What made you want to study with MUARC?
I wanted to move to Australia and MUARC specialised in human factors and accident research (2 of my main interests).
How was your experience studying with MUARC, and would you recommend it to prospective PhD candidates?
I really enjoyed working with some of the leading academics during my PhD as well as being part of the wider Monash community interacting with other students and academics and playing hockey.
Can you please tell us a bit about what your thesis was about and what you found?
Varying performance leads to both safety and accidents, however, the underlying dynamics are unclear. During my PhD candidature I developed, applied and evaluated a Cognitive Work Analysis based method for modelling performance variability. Applications in road transport provided an understanding of performance variability for four different road user groups and their interaction with each other, vehicles, the environment and infrastructure. Evaluation of a traditional Melbourne intersection and a future intersection design concept demonstrated how the method is able to provide a low cost and useful desk top evaluation of performance variability for different road user groups in different road transport designs. Results indicated how safe and potentially unsafe behaviours are induced by intersection designs. Application of this method supports safe system applications in road transport and other complex sociotechnical systems.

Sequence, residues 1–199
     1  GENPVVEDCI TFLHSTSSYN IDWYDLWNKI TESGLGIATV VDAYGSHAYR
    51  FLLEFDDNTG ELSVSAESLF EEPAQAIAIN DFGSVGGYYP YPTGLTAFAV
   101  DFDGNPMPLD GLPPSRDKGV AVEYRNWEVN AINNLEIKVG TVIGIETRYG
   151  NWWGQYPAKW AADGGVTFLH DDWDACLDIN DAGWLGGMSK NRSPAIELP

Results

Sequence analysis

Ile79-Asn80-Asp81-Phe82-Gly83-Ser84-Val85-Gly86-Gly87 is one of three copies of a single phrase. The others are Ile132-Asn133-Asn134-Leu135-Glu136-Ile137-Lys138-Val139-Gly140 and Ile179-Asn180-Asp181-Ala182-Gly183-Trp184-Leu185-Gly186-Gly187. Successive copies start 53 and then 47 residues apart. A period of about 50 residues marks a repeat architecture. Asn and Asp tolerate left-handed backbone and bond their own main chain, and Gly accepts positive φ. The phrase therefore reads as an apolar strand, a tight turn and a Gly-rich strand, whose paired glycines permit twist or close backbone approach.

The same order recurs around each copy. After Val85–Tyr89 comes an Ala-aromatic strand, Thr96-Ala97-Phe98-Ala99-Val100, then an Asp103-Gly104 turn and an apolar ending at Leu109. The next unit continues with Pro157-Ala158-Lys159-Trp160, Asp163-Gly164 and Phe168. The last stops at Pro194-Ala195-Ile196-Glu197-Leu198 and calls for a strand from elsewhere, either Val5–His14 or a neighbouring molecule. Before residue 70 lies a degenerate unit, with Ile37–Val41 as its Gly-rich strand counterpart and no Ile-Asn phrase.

How do you think you’ll remember your time studying with MUARC?
Very fondly. It was an ideal combination of really getting stuck into a topic I am passionate about but also ensuring the PhD had an applied angle and value for industry.
Can you please tell us about where your career has taken you post-graduation?
I have had a lecturer job and since then have taken on research/analyst/investigator jobs in state and federal government agencies in Brisbane, Sydney, Canberra and now I am back in Melbourne.
How have your studies with MUARC helped you in your career?
The critical thinking, problem solving, research and analysis skills set me up for a variety of careers. The applied nature of my PhD has helped build the connection with jobs outside of academia. I continue to build on the translational skills to make sure that the knowledge and skills are accessible to a wider audience while also ensuring that government policy and initiatives are evidence based.